remarkably different interactions with oxygen are decisively determined by axial ligands of the heme iron: the
opportunity of a comparative discussion of these three is
let slip. This is particularly regrettable because in this case
“inorganic” and “biochemical” interests really have coalesced in ideal fashion to a genuine “bioinorganic” research area.
The biochemistry of iron in aerobic media offers the
chance of a sheer “exciting” account of how the insolubility of iron(ii1) hydroxide has been come to terms with. On
uptake, transport and storage, before and during its inclusion in functional proteins, the iron is kept in solution
through a seamless sequence of strong complexing agents.
Unfortunately, the few particulars on this are dotted right
through the whole book so that the connection is lost in
exotic detail and is not made very comprehensible. The
biochemistry of copper is equally unsystematically handled: a direct comparison of the three types of copper
binding centers in proteins is sought in vain; this certainly
does not facilitate the understanding of the not-yet-expert
(and the book is aimed at students!).
It only remains to be pointed out that one of the functionally most important and “bio-inorganically” interesting metallo-proteins-cytochrome-c-oxidase, currently the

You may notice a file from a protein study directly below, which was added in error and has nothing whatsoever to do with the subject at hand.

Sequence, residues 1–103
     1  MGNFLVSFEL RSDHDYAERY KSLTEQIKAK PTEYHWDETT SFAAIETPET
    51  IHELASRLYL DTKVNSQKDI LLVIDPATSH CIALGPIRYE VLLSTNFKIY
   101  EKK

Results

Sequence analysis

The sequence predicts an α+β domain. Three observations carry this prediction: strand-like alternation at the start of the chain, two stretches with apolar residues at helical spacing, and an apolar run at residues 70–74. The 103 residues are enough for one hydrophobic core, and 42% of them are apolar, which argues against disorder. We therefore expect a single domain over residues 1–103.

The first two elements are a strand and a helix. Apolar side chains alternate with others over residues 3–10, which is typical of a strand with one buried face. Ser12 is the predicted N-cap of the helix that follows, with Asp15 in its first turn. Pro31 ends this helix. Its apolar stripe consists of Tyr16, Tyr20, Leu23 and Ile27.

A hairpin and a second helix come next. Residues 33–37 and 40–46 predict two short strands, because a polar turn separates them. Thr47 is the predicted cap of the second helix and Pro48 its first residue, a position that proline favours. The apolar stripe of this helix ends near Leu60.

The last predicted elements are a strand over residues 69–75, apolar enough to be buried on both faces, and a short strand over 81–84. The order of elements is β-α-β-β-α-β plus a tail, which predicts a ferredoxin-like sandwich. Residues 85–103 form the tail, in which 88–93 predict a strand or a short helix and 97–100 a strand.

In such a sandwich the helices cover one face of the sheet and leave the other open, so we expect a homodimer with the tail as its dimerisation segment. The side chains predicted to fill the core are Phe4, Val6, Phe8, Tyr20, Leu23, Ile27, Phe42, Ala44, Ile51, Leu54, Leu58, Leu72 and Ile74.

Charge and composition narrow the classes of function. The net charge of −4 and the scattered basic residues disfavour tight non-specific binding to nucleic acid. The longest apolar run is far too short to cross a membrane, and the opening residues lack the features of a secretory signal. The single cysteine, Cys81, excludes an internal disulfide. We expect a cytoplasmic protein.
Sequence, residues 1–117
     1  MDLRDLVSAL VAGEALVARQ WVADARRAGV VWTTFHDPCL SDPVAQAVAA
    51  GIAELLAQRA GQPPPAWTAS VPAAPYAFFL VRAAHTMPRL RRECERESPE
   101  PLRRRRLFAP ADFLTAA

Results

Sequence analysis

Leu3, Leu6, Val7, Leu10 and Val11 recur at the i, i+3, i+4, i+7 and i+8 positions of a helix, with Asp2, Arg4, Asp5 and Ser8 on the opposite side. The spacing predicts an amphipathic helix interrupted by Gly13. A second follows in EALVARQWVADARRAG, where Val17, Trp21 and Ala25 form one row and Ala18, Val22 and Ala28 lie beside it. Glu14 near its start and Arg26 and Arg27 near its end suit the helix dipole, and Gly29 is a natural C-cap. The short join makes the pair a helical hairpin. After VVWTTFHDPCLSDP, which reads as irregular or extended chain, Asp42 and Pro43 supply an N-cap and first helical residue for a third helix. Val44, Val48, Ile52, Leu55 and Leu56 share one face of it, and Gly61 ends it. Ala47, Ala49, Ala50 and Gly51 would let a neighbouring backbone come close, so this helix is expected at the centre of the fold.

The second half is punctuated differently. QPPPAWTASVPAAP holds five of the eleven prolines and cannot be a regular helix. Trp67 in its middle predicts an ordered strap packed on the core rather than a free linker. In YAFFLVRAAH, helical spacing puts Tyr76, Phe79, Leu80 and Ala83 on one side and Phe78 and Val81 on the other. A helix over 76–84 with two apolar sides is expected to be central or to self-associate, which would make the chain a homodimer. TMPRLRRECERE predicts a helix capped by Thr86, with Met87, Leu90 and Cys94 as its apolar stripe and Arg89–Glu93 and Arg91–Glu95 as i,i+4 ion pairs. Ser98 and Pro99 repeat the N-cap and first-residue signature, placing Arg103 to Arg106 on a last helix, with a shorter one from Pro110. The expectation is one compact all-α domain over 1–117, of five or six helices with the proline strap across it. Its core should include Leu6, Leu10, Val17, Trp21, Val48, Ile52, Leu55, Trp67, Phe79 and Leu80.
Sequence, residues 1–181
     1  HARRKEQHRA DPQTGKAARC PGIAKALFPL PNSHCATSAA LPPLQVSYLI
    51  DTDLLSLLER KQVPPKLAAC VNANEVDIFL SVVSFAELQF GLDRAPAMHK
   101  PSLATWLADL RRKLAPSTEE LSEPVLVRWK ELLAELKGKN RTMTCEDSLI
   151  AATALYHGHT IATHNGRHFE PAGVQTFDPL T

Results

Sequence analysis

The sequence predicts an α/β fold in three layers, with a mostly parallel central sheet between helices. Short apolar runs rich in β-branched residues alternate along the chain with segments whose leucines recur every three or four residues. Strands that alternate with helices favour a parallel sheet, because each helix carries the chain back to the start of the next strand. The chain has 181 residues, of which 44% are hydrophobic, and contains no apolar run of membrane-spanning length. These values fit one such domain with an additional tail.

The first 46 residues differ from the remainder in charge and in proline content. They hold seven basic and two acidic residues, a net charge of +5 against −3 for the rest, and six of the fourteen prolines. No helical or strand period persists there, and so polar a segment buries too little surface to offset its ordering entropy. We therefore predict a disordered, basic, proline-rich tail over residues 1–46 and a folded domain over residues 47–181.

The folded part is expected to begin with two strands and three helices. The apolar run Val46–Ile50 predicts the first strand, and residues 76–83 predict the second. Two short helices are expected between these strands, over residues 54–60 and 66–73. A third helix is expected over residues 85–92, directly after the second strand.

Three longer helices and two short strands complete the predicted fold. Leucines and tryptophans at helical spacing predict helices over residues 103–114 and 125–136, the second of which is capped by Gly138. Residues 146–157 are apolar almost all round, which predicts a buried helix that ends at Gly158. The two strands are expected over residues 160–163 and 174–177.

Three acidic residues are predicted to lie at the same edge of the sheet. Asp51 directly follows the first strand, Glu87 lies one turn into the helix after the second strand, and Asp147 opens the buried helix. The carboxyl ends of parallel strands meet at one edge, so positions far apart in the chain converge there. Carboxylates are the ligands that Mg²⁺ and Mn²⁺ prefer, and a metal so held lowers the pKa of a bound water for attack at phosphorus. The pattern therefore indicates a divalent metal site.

subject of much research, receives no more than a passing
reference from the author. The purchase of this book can
be recommended to no-one-least of all its intended readership of advanced students.
Michael Weller [NB 700 IE]
VCH Verlagsgesellschaft, Weinheim (FRG)
Methods of Enzymatic Analysis. Vol. 6. Metabolites 1: Carbohydrates. Edited by H. U. Bergmeyer, .
and M . Grassl. 3rd Edition. Verlag Chemie, Weinheim
1984. xxix, 701 pp., bound, D M 295.00.--ISBN 3-52726046-3
This volume describes analyses for carbohydrates and
related compounds. The coverage is broad: from poly-,
oligo-, and disaccharides through monosaccharides to
three-, two-, and one-carbon compounds. The four chapters of this volume are subdivided into sections. Each section normally covers the analysis of a single metabolite, although, several metabolites which can be co-analyzed are
occasionally grouped together. Certain important com29 1